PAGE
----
Shabbat Shalom. Gmar Chatimah Tovah.


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Disappearing American Jewry, again

Some weeks ago The New York Jewish Week published a plain-speaking but hard-hitting op-ed by Rabbi Abraham Unger entitled “Two Radical Proposals To Ensure A Jewish Future.” Unger was responding to an essay by JTS Chancellor Arnold Eisen.

Unger felt compelled to respond to Eisen’s essay because “it avoids the elephant in the room regarding our shared concern about a disappearing American Jewry.” He challenged Eisen’s observations that quality is “more important to Jewish survival than mere numbers.”

Community leaders have been worrying over “disappearing American Jewry” for decades. But not enough, apparently and alas, to have yet taken the steps necessary steps to stem and reverse the downward trend of American Jewish demographics.

And so, as much with stinging irony as with strong, sorrowful prescription, Unger writes that in the face of the declining numbers of non-Orthodox American Jewry “that two, and only two, choices remain for the organized Jewish community: to completely rethink and then quickly implement a radically new kind of American Judaism that meets the people where they are now, or give up and focus all communal energy and resources on Orthodoxy, which at least is suffering no attrition, has the highest Jewish birthrate, and is the most communally active of all the movements, meeting Dr. Eisen’s criteria of quality over quantity.”

The subject of disappearing American Jewry is now a too familiar, melancholy concern. With each passing year and each passing generation, it becomes more urgently so.

The deeper melancholy of Unger’s essay, however, is in one of his casual observations. “The missed opportunity of American Judaism is that the most favourable moment to develop a rich and vibrant communal life in the narrative of the Jewish diaspora has become a story of ethnic attrition.”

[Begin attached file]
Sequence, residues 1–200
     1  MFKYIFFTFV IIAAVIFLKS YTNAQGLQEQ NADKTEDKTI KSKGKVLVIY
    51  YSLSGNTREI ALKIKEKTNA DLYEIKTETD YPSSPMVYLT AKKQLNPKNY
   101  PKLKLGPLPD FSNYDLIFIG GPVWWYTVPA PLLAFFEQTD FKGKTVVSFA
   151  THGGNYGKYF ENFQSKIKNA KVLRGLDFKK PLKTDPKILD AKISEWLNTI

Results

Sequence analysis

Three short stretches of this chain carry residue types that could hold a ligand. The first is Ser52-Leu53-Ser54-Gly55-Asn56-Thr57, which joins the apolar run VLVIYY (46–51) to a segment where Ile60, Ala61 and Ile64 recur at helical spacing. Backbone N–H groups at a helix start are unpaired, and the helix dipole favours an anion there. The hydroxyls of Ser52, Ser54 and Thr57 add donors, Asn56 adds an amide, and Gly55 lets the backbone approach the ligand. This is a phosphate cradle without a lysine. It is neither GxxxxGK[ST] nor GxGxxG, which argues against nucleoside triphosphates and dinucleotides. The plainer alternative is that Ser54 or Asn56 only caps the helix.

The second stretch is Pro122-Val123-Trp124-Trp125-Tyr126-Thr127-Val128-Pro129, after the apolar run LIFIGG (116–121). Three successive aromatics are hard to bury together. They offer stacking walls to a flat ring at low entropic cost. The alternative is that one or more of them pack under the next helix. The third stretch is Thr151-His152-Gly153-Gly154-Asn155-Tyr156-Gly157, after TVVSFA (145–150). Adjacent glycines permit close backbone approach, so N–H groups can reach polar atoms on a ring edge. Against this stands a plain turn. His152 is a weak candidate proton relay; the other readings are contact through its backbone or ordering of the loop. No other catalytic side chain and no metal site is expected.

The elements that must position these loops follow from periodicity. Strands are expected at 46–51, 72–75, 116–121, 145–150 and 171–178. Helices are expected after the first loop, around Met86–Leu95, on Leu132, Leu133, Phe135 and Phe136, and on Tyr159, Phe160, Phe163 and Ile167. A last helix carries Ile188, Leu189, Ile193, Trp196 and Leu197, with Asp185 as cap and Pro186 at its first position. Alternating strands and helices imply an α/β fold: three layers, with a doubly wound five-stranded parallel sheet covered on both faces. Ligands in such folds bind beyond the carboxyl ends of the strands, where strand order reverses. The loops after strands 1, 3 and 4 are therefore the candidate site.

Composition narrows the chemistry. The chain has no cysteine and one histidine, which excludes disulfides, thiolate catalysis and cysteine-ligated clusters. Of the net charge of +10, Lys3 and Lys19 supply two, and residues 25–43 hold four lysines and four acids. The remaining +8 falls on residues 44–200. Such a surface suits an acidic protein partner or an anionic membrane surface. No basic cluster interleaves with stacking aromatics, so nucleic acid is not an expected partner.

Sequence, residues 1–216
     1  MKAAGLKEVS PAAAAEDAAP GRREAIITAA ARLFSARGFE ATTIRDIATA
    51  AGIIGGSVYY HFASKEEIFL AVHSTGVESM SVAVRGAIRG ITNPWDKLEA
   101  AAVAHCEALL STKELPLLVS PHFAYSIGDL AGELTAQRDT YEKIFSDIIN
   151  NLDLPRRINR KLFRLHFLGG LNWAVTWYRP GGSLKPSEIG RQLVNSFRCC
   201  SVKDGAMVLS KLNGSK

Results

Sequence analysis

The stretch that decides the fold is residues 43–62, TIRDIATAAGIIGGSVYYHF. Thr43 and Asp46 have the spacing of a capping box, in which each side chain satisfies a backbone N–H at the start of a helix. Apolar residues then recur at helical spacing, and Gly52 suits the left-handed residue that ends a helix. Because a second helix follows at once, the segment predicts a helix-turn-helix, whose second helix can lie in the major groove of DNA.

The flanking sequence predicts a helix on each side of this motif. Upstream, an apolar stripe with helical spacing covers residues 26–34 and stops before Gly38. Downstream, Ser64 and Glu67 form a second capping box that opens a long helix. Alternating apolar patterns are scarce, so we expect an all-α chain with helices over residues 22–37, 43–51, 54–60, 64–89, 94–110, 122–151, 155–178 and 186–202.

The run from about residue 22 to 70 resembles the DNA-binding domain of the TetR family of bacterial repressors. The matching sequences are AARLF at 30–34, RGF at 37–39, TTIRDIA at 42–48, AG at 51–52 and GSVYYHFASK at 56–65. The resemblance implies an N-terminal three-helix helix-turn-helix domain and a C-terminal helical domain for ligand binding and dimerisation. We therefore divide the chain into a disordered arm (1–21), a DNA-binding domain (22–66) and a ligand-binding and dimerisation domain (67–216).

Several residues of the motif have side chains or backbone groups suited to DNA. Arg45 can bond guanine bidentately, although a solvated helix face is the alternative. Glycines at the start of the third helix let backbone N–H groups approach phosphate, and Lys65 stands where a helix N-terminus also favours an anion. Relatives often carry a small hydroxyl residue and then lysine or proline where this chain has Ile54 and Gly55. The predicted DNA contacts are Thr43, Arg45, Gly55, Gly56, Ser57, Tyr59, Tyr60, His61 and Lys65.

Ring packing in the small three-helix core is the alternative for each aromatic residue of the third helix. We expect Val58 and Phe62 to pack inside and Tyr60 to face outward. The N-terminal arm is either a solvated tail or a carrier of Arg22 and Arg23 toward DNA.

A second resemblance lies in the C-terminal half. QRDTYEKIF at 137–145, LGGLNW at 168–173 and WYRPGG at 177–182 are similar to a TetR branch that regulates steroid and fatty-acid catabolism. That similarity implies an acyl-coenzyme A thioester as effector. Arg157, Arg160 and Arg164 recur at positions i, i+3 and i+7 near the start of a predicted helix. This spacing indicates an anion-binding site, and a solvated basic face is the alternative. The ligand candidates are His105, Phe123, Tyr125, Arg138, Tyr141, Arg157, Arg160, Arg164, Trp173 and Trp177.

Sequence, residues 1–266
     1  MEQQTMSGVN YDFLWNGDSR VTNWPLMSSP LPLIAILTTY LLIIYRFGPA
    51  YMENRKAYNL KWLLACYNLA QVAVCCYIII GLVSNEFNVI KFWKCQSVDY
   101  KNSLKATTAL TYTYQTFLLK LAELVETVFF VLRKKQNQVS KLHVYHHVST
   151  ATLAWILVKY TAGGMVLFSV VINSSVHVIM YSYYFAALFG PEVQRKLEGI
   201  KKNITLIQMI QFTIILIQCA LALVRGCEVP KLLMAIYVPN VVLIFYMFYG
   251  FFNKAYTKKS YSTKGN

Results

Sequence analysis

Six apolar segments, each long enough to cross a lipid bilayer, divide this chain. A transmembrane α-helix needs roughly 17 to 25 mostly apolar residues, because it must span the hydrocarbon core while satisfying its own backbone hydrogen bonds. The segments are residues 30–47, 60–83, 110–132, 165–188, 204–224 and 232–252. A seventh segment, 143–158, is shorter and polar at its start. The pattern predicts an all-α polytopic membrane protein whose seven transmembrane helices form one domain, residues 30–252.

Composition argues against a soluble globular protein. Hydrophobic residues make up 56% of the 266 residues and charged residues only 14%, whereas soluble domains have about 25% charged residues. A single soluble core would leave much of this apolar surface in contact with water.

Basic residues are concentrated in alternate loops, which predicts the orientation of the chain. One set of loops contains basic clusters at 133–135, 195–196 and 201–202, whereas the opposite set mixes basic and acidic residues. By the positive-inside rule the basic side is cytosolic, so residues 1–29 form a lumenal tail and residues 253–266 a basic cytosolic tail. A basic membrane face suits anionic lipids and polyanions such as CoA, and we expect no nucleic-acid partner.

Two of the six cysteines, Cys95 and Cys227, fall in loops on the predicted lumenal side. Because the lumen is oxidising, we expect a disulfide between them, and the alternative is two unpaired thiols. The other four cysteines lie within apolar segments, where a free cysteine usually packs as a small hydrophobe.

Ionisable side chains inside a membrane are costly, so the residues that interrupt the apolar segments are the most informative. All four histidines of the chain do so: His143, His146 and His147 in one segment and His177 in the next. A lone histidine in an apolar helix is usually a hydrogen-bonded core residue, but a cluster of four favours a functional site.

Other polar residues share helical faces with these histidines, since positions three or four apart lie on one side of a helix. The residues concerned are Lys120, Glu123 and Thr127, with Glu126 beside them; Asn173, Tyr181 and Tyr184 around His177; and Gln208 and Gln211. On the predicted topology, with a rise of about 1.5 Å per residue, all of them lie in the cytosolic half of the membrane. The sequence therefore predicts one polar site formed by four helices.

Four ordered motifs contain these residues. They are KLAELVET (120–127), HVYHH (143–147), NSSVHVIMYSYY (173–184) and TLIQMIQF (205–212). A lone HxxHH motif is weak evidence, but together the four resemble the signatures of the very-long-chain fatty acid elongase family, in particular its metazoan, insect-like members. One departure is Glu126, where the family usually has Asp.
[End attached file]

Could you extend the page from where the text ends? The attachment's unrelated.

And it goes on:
In Canada too.

The answer is also familiar to us all: Education! Affordable Jewish education.


Shabbat Shalom. Shana Tovah u’Metuka


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Wrap them in our love and help them to school in confidence

Fresh beginnings are upon us.

The new year begins in just more than a week and school restarts in just less than a week.

GAJE’s chief cause, of course, is for the affordability of Jewish education.

Irrespective of the type of school – Jewish or public – that our children will be attending next week, we acknowledge that the first day can be fraught with fluttery stomachs and anxious nerves, especially for the little ones and the first timers. And parents!

Thus our hope is that all children returning to or starting school next week will have an easy, uneventful, perhaps even enjoyable and exciting day. May it be the start or the continuation of an excellent educational experience for them. And for parents too!

May we – parents and grandparents – know the sweet feeling that we have sent our children to school wrapped totally in our love so that their first steps may be confident ones, if also at times, tentative.

May the educators, administrators and lay leaders without whom there would be no educational experience, also enjoy the day and the year ahead.

Good learning, good teaching, good luck to children, parents, and teachers.


We draw readers attention to an interesting article by Chavie N. Kahn, Director of Day School Initiatives at UJA-Federation of New York, that appeared on the Lehrhaus website.

In the article, entitled Back to School: A Path to Sustainability, Ms. Kahn explores various steps that community organizers in the United States are taking to make Jewish education affordable. She concludes that one of the best methods of ensuring affordability is to establish a permanent endowment fund for that purpose.

We reproduce the following statement by Ms. Kahn. It commands our attention.

“There is no magic bullet to “solve” the affordability crisis. But since it is our collective responsibility to ensure that we transmit our tradition and values from generation to generation (Mishneh Torah, Laws of Torah Study, Ch. 1), we must strategize, plan, and attract new investors to the day school system, all with the objective of yielding sustainable day schools and yeshivot for years to come. We cannot simply focus on this year and next year’s budget; we need to play the long game. The long-term sustainability of day schools and yeshivot should be on the communal agenda as a key component of a solution to a core communal challenge. And the best players are playing the endowment game.”


Shabbat Shalom.